Reuters top ten news stories delivered to your inbox each day.
You are here:
Business & Finance
The Great Debate
Do More With Reuters
Make Reuters My Homepage
Support (Customer Zone)
About Thomson Reuters
Computer experts brace for "Conficker" worm
Tue Mar 31, 2009 7:41pm EDT
Email | Print |
| Reprints | Single Page
By Jim Finkle
BOSTON (Reuters) - A malicious software program that has infected millions of computers could enter a more menacing phase on Wednesday, from an outright attack to a quiet mutation that would further its spread.
Computer security experts who have analyzed the Conficker worm's code say it is designed to begin a new phase on April 1, and while it's unclear whether it will unleash havoc or remain dormant, its stubborn presence is rattling businesses with multimillion-dollar budgets to fight cyber crime.
Conficker, believed to reside on 2 million to 12 million computers worldwide, is designed to turn an infected PC into a slave that responds to commands sent from a remote server that controls an army of slave computers known as a botnet.
"It can be used to attack as well as to spy. It can destroy files, it can connect to addresses on the Internet and it can forward your e-mail," said Gadi Evron, an expert on botnets who helps governments protect against cyber crime.
But like many security experts, he doubts Wednesday will see a big attack.
The virus has been powerful enough to attack infected computers for months by exploiting weaknesses in Microsoft's Windows operating system. Evron and several other analysts said Wednesday's change could simply give Conficker enhanced functionality, possibly making it more dangerous.
"This is the electronic equivalent of being told there is a major storm that has a 20 percent chance of hitting," said Mark Rasch, an executive at Secure IT Experts who spent 25 years prosecuting computer crimes at the U.S. Department of Justice.
"It's not time to hide in the bunker. But it might be prudent to look out the window," he added.
In February, Microsoft announced it was offering a $250,000 reward for information leading to the arrest and conviction of whoever is responsible for creating Conficker, saying the worm constituted a "criminal attack."
FEARS OF ID THEFT
Botnets are a major worry because they can surreptitiously steal identities, log sensitive corporate information, credit card numbers, online banking passwords or other key data users of infected PCs type on their keyboards.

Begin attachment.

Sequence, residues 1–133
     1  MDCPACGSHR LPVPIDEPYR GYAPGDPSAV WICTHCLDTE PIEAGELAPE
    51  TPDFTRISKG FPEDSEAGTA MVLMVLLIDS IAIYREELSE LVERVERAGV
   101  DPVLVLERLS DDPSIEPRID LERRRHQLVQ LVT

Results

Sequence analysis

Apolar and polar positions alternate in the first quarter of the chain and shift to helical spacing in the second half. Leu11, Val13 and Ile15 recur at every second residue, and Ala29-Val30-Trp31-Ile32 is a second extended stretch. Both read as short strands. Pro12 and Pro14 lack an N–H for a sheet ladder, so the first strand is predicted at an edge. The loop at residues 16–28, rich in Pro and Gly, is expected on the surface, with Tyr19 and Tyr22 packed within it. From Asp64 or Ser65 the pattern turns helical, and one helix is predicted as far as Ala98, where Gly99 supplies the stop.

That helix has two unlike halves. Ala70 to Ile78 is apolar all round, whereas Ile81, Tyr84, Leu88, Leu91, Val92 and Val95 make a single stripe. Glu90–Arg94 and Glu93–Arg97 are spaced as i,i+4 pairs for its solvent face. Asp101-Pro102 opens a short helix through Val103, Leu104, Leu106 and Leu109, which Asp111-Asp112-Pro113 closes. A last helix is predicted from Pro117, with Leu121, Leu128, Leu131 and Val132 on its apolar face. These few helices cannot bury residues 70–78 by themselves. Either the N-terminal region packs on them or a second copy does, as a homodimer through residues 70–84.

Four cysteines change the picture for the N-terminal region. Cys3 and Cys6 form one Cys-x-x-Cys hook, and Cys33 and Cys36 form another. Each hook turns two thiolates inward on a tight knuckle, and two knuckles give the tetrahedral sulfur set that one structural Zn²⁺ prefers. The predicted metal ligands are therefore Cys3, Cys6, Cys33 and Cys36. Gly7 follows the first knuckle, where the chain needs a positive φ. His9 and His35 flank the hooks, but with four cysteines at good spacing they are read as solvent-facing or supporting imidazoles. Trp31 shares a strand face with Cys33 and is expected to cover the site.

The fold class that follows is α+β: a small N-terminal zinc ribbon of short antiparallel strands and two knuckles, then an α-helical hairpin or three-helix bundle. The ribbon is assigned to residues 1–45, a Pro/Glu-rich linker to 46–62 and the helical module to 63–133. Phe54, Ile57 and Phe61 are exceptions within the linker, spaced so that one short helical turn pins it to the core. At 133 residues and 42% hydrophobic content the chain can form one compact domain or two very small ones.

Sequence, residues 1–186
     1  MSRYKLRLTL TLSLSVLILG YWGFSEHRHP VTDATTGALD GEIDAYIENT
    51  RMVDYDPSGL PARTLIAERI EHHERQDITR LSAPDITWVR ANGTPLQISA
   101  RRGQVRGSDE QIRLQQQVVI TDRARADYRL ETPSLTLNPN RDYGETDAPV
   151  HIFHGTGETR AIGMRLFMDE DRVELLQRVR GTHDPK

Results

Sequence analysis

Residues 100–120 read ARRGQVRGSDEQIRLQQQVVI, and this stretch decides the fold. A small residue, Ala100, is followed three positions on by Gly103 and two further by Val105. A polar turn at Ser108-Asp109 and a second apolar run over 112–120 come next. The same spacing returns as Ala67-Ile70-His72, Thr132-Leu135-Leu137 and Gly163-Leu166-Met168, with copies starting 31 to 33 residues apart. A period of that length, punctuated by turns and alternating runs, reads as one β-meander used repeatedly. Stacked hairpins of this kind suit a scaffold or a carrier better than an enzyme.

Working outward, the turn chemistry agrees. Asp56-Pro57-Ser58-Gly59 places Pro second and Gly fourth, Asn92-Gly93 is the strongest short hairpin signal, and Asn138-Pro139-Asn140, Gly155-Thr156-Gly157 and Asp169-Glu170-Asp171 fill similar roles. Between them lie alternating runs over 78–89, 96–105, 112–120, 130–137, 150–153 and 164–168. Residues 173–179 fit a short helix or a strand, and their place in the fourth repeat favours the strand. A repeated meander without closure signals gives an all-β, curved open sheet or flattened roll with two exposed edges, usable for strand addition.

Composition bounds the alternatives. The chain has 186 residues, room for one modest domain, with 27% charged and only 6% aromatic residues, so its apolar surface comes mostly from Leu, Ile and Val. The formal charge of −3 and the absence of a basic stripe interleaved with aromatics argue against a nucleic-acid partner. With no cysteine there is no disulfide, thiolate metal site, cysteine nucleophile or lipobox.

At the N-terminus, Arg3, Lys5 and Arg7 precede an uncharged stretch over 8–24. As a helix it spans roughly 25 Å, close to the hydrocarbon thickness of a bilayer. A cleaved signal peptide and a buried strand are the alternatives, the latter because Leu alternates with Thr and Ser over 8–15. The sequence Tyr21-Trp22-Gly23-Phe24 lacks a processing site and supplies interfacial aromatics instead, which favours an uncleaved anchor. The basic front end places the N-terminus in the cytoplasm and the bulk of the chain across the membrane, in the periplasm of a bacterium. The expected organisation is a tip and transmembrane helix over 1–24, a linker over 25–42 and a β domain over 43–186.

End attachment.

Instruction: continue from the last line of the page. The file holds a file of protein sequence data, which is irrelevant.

The information is often sold to criminal rings.
"Most malware we see in this day and age is very concerned with stealing information and making money for the author," said Dave Marcus, a researcher with security-software maker McAfee Inc's Avert Labs.
Experts said Conficker's authors might gradually change the way it communicates to avoid attention and to prevent companies from putting in place safeguards such as those used to fight the worm since it first surfaced last year.
Microsoft released a patch to protect against the worm late last year, while anti-virus software companies offer software to sniff it out and destroy it. Such tools can be expensive. Continued...
View article on single page
Facebook CFO to leave company
Also On Reuters
Commentary: Have we turned the corner?
Video: Can beer withstand the economic downturn?
Slideshow: Highlights from the NCAA tournament
More Technology News
Facebook CFO to leave company
HP says pondering Google's Android
Samsung unveils Mondi WiMax device for Clearwire
Talking in color: imaging helps social skills
E-books open new chapter for LCD makers
More Technology News...
A selection of our best photos from the past 24 hours. Slideshow
Most Popular on Reuters
Obama to Automakers: It's My Way or the Highway
Miss Universe says had "lot of fun" in Guantanamo
U.S. unveils Orion spacecraft to take crew to Mars
Fox News' Bill O'Reilly boycotting Sean Penn films
NASA in Colbert conundrum over Space Station
WRAPUP 1-Record drop in home prices keeps US consumers glum
Obama team drops "war on terror" rhetoric
U.S. recession easing but no bottom yet
GM sees bankruptcy risk | Video
UPDATE 5-Pistachios recalled in U.S. due to salmonella risk
Most Popular Articles RSS Feed
Loincloths hot among Japan woman
Illusionist floats in mid-air
Taliban claim Lahore raid
Madonna in Malawi court
Bike with ten-cornered wheels
Pizza vending machine
Beer still recession proof?
Obama hits the brakes on autos
And Finally Village for Sale
Business Update: Wall St. slumps
Most Popular Videos RSS Feed
The global destination for corporate leaders, deal-makers and innovators
Knowledge to Act
Help and Contact Us |
Advertise With Us |
Interactive TV |
Site Index |
Thomson Reuters Corporate:
Professional Products |
Professional Products Support |
About Thomson Reuters |
Latin America |
United Kingdom |
Thomson Reuters is the world's largest international multimedia news agency, providing investing news, world news, business news, technology news, headline news, small business news, news alerts, personal finance, stock market, and mutual funds information available on Reuters.com, video, mobile, and interactive television platforms. Thomson Reuters journalists are subject to an Editorial Handbook which requires fair presentation and disclosure of relevant interests.
NYSE and AMEX quotes delayed by at least 20 minutes. Nasdaq delayed by at least 15 minutes. For a complete list of exchanges and delays, please click here.